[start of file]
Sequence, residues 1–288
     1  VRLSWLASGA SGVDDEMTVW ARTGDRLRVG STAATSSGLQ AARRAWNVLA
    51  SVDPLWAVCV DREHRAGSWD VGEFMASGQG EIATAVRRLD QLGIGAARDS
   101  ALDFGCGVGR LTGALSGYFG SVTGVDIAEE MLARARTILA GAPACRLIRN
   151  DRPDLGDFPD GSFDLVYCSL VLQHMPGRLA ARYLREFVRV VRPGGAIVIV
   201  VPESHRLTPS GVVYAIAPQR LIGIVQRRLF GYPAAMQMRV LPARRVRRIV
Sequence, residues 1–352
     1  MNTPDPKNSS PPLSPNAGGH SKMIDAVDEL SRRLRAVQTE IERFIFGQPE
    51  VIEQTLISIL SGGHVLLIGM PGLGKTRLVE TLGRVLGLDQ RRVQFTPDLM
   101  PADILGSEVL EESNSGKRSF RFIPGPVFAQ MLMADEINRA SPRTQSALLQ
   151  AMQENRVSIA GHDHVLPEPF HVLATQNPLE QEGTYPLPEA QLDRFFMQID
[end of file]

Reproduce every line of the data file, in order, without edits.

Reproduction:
Sequence, residues 1–288
     1  VRLSWLASGA SGVDDEMTVW ARTGDRLRVG STAATSSGLQ AARRAWNVLA
    51  SVDPLWAVCV DREHRAGSWD VGEFMASGQG EIATAVRRLD QLGIGAARDS
   101  ALDFGCGVGR LTGALSGYFG SVTGVDIAEE MLARARTILA GAPACRLIRN
   151  DRPDLGDFPD GSFDLVYCSL VLQHMPGRLA ARYLREFVRV VRPGGAIVIV
   201  VPESHRLTPS GVVYAIAPQR LIGIVQRRLF GYPAAMQMRV LPARRVRRIV
Sequence, residues 1–352
     1  MNTPDPKNSS PPLSPNAGGH SKMIDAVDEL SRRLRAVQTE IERFIFGQPE
    51  VIEQTLISIL SGGHVLLIGM PGLGKTRLVE TLGRVLGLDQ RRVQFTPDLM
   101  PADILGSEVL EESNSGKRSF RFIPGPVFAQ MLMADEINRA SPRTQSALLQ
   151  AMQENRVSIA GHDHVLPEPF HVLATQNPLE QEGTYPLPEA QLDRFFMQID